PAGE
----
Well, that's one way to win an extra-innings ballgame.
One night after eking out a one-run extra-innings win against the Blue Jays, the Red Sox once again found themselves playing extra baseball against their Canadian opponents. This time, however, the final was a bit more lopsided, with the Sox producing a seven-run eleventh inning en route to an 11-7 win.
The similarities to Monday night's game do not begin with extra innings, however. Instead, we start with the initial lead the Red Sox surrendered. Dustin Pedroia made the Jays pay in the first for Josh Thole failing to glove strike three against Brock Holt, bringing Boston's versatile utility player around to score with a second-deck homer to left field--his second homer in two nights. The Red Sox quickly added a third run on a Mike Napoli single and Will Middlebrooks double, leaving Boston with a 3-0 lead against R.A. Dickey and the Jays before the home team had even come up to bat.
Perhaps seeing the potential failings of true outcomes like the leadoff strikeout-turned-baserunner and the homer R.A. Dickey had allowed in the first, Rubby De La Rosa proceeded to do his damnedest to avoid them for the first three innings. This "strategy" didnt' hurt him right away, with some hard contact in the first going for naught as the Jays stranded a pair of leadoff baserunners.
Eventually, though, Rubby's steady diet of high fastballs (he threw just 11 off-speed pitches all night) proved every bit as harmful as you might expect. The Jays turned a leadoff double and single into a run in the third, then another when De La Rosa's first true outcomes proved a pair of walks in the fourth. Another early pair of hits in the fifth lead to a game-tying third Toronto run, and the end of De La Rosa's night. His velocity was enough to keep his night from turning into a complete disaster, but in terms of actual pitching, this was a pathetic performance from yet another young arm that just can't seem to establish any real consistency.
The good news, though, is that the Red Sox were quite a bit more straight forward with their shortcomings tonight. There was no excellence-turned-disaster in the ninth, just a time bomb ticking away that, while it never exploded, still left the lead gone all-the-same. The Red Sox would put on a little seventh-inning dance, with Yoenis Cespedes driving in the go-ahead run before Alex Wilson immediately allowed a home run to Jose Bautista in the bottom half of the inning, but all told when this game went to extras, it wasn't quite the soul-crushing experience that Monday provided.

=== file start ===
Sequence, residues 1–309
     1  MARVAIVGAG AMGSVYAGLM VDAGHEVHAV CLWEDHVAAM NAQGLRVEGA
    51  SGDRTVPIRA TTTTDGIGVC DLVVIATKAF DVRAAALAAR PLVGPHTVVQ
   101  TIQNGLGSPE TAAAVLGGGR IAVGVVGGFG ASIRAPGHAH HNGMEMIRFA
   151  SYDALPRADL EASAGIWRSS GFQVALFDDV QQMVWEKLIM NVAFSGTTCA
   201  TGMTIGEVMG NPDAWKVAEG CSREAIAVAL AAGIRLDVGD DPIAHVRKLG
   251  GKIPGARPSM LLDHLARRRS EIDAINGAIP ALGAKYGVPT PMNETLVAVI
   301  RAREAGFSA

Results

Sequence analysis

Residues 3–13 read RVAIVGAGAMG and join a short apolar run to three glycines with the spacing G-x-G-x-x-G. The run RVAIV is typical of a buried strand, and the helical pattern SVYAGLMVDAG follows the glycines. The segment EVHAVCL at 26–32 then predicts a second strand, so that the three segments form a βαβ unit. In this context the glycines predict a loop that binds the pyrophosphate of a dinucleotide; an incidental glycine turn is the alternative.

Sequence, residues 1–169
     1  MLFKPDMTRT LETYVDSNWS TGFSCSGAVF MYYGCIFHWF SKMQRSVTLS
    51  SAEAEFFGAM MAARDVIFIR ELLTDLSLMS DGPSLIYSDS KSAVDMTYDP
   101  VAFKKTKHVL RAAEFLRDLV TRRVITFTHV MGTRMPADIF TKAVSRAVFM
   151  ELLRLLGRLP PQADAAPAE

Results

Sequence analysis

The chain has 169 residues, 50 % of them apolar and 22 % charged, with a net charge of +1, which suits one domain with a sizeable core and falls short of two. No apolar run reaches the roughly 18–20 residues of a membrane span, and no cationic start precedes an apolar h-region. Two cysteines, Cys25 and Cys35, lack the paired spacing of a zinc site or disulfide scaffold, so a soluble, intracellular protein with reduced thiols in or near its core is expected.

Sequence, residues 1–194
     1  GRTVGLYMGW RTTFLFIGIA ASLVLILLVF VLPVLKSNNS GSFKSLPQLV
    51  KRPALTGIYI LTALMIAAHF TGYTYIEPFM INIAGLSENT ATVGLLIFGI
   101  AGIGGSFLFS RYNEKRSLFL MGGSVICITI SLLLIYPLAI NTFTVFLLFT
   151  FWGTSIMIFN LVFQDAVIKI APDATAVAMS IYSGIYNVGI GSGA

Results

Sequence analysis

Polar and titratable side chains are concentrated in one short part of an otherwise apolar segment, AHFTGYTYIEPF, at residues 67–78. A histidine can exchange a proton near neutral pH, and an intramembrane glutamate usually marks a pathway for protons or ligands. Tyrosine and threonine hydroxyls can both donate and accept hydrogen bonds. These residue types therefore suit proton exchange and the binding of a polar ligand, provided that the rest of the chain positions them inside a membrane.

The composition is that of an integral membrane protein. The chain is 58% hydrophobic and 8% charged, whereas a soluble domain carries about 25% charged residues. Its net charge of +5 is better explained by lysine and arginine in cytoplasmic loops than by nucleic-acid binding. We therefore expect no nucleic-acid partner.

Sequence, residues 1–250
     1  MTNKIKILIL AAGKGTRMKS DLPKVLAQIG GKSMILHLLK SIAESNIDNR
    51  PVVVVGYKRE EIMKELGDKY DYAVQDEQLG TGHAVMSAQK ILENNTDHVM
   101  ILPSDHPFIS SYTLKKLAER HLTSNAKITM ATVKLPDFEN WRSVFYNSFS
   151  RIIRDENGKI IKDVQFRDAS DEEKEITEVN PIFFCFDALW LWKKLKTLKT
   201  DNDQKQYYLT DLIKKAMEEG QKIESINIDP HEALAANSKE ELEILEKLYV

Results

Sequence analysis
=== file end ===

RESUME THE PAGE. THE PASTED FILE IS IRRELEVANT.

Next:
And, because of that, the way the Red Sox eventually won it is all the more enjoyable. Coming in to pitch the eleventh, Casey Janssen just could not record the first out. Mookie Betts led off the inning with a single, then immediately signaled to the dugout to challenge when he was called out at second on Christian Vazquez' attempted sacrifice bunt. Betts proved correct, and after Janssen botched another sacrifice bunt from Brock Holt, the Red Sox had the bases loaded and zero outs.
That first out just would not come for Janssen. Dustin Pedroia, who had opened the scoring with a first-inning homer, put the Red Sox on top by two once again with a two-run ground ball single to left field, knocking Janssen out of the game. Sergio Santos would finally get that first out, striking out Yoenis Cespedes on four pitches, but gave Mike Napoli a high fastball to hit three pitches later. Napoli deposited the ball into the top deck in left, and the Red Sox went ahead 9-4. One Daniel Nava double later, and it was Allen Craig collecting his first Red Sox homer with a fly ball that just kept carrying out to right over the fence.
When all was said and done, it was 11-4 Sox with just the bottom of the eleventh to go. The Jays did manage a late rally of their own, plating three runs against Heath Hembree, but that didn't even serve to put the tying run on deck. Hembree finally picked up his third out, and the Red Sox left Rogers Centre with an unusually large extra-innings win.